There were more massive black holes in the early universe than previously thought, a new study suggests.
A new method to predict the mass of the largest massive black hole believed to be hiding in the center of most galaxies has shown that these cosmic titans can grow faster than previously believed.
The results, from new computer modeling techniques, suggest that, billions of years ago, black hole could be bigger than scientists thought. This is a potential breakthrough, as it could help researchers understand how supermassive black holes reach such massive sizes.
“The black hole at the center of our galaxy is millions of times the mass of the daybut we also see others that we think are billions of times the mass of the sun,” study author Joseph Simon, a postdoctoral researcher at the University of Colorado, Boulder, said in a statement. “We have really good measurements for the mass of supermassive black holes for our own galaxy and for galaxies nearby. We don’t have the same kind of measurements for galaxies that are more distant. We just have to guess. “
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The two supermassive black holes described by humanity so far serve as startling examples of just how massive the scope of these cosmic monsters can be. Sagittarius A* (Sgr A*), in the heart of Milky Way, has a mass equal to about 4.5 million suns. The black hole hidden within the galaxy M87located about 6 million light-years away, has a mass equal to about 5 billion suns, however.
There are several theories about how supermassive black holes grow to incredible sizes, most of which involve mergers of smaller black holes.
But there’s a problem with this idea: Has there been enough time in the 13.8-billion-year history of the universe for these processes to have grown massive black holes, especially those that existed billions of years ago?
“There was an expectation that you could only see this massive system in the nearby universe,” Simon said. “Black holes take time to grow.”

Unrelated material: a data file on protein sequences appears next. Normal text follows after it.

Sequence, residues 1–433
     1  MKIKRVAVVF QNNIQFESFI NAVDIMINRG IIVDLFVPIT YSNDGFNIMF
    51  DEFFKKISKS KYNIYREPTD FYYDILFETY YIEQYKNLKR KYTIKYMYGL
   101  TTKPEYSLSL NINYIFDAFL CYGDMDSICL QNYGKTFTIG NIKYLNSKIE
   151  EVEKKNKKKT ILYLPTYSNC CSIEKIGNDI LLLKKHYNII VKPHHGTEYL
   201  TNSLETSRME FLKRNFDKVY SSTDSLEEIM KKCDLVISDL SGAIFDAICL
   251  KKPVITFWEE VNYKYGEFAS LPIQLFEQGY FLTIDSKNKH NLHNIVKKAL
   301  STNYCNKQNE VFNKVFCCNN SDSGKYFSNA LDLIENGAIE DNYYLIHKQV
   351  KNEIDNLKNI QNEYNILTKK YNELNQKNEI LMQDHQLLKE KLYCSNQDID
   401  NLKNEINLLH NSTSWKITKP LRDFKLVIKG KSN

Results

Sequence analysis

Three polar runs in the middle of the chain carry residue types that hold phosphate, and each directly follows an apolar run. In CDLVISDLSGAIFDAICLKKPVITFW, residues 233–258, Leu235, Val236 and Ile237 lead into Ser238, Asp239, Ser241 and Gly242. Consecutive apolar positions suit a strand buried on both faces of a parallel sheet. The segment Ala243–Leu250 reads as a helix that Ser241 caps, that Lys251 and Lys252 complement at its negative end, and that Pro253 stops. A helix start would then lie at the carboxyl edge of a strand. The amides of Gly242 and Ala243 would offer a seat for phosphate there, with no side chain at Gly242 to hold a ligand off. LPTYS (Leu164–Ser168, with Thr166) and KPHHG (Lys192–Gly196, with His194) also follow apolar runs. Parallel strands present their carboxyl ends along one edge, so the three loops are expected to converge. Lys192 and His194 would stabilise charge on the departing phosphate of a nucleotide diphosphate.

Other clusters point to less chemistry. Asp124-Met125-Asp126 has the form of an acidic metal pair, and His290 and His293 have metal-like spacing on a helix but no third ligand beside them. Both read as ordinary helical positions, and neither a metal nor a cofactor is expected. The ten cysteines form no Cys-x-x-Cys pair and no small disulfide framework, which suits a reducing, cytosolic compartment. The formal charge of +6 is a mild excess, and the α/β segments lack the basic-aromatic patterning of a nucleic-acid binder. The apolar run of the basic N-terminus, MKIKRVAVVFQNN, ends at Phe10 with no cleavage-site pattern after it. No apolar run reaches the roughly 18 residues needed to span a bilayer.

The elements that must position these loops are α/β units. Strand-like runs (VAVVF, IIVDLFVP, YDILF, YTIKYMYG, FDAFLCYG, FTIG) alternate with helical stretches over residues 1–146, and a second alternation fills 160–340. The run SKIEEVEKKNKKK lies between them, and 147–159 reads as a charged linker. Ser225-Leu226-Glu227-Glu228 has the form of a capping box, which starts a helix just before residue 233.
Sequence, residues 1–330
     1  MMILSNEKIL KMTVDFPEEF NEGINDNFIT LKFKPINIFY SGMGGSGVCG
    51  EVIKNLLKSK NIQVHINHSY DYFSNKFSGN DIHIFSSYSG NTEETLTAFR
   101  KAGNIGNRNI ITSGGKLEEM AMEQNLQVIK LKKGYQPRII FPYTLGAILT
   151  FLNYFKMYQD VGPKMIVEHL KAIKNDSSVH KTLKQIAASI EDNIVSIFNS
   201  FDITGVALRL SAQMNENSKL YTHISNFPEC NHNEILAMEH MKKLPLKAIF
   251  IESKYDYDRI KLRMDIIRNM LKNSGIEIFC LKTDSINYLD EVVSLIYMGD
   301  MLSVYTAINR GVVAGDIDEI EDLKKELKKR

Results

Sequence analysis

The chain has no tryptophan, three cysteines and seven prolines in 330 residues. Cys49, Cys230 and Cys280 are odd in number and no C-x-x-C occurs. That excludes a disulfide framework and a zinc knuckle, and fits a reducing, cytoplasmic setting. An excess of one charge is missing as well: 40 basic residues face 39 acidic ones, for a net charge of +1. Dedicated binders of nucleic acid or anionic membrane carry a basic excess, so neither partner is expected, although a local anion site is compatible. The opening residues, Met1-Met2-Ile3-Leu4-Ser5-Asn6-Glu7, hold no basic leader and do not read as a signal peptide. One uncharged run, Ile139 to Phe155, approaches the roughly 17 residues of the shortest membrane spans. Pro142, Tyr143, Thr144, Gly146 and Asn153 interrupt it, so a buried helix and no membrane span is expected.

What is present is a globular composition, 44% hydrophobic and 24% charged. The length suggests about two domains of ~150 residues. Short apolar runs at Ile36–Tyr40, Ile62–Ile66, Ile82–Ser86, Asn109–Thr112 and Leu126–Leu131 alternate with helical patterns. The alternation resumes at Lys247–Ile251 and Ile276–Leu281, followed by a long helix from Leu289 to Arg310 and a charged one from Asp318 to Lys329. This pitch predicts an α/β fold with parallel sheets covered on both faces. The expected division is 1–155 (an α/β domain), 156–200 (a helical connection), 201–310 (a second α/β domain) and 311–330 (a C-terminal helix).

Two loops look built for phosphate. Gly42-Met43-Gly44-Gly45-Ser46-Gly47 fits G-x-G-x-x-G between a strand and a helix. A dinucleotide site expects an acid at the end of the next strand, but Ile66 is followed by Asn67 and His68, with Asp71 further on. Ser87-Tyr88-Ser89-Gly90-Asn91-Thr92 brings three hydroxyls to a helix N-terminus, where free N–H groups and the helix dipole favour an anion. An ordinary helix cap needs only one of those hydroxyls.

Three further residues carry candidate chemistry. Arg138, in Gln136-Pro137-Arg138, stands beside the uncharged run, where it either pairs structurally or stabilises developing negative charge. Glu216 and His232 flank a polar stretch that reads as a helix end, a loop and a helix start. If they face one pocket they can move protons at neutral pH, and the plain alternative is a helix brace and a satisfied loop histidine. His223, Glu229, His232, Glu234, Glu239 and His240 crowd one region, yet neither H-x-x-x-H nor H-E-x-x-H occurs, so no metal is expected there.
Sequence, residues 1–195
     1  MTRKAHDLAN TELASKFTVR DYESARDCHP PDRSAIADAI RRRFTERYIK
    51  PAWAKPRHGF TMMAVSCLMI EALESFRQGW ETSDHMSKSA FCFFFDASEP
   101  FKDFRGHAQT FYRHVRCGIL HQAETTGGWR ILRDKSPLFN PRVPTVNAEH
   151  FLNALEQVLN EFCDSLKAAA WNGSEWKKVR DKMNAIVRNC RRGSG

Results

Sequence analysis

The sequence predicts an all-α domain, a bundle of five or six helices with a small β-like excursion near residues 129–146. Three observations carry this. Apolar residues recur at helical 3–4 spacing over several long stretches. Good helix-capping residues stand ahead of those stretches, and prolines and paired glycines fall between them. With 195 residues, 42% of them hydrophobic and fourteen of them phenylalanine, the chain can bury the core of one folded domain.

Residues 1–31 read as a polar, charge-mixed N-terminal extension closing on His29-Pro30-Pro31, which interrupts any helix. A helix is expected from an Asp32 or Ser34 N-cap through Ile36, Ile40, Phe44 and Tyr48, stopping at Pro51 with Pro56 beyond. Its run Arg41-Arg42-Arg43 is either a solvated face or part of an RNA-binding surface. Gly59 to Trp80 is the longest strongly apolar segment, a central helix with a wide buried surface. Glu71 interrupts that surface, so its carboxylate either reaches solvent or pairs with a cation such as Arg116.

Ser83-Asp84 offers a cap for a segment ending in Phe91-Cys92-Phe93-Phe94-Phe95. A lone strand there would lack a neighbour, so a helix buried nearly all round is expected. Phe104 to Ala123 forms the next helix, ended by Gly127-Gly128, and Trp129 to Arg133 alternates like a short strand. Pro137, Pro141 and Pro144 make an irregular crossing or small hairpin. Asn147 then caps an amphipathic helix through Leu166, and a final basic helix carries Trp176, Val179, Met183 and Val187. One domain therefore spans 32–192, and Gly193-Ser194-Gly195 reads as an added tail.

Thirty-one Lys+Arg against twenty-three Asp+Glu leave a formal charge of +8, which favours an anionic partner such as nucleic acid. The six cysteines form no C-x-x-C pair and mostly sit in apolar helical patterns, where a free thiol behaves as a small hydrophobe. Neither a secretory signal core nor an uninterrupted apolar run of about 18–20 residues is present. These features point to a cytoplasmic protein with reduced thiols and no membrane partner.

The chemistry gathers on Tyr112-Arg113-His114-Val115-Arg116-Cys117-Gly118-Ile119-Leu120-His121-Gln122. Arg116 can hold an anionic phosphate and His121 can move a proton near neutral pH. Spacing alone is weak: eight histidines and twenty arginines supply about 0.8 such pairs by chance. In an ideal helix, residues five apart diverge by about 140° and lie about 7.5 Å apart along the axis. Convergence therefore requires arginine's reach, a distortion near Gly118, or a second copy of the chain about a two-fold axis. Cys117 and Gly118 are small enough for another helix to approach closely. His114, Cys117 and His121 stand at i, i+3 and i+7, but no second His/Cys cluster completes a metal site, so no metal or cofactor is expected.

Black holes were massive in the early universe
As the colliding black holes spin around each other, they send out gravitational waves – ripples in space-time that Einstein’s theory of general relativity It is said to be created by massively accelerating objects — streaming out into space. The final collision of the black holes sends out a massive burst of gravitational waves that signal the merger. Some of these waves reach Earth and carry information about the events that created them.
Simon is part of an effort called North American Nanohertz Observatory for Gravitational Waves (NANOGrav), which looks for a continuous stream of gravitational waves called the “gravitational wave background.” But, to fully understand it, scientists need to know the mass of the supermassive black hole through cosmic history.
To develop a new method of determining black hole masses, even for distant examples, Simon gathered information about hundreds of thousands of galaxies, some of which are so far away that the they were like billions of years ago. With this data, the researcher calculated black hole masses for some of the largest galaxies in the universe. He then used computer modeling to simulate the gravitational waves which will create these things.
This gave Simon a mass spread for black holes in the universe dating back around four billion years. The data revealed something unexpected: There was a greater selection of massive galaxies and massive supermassive black holes in the the galaxy billions of years earlier than currently predicted.
New research suggests that this supermassive black hole may not need as much time to grow as previously theorized. Similar conclusions were reached by astronomers who found unexpectedly large black holes lurking in the early universe.
In the next steps for this research, Simon intends to investigate black holes that are located even further away from Earth and thus can be seen even earlier in cosmic history. He hopes that this investigation could help reveal how galaxies like the Milky Way form, because supermassive black holes exert enormous influence on the galaxies that host them.
“Understanding the mass of black holes is critical to some of these fundamental questions such as the gravitational wave background, but also how galaxies grow and how our universe evolved,” he concluded.
The research was published in the May 30 edition of the The Astrophysical Journal Letters.
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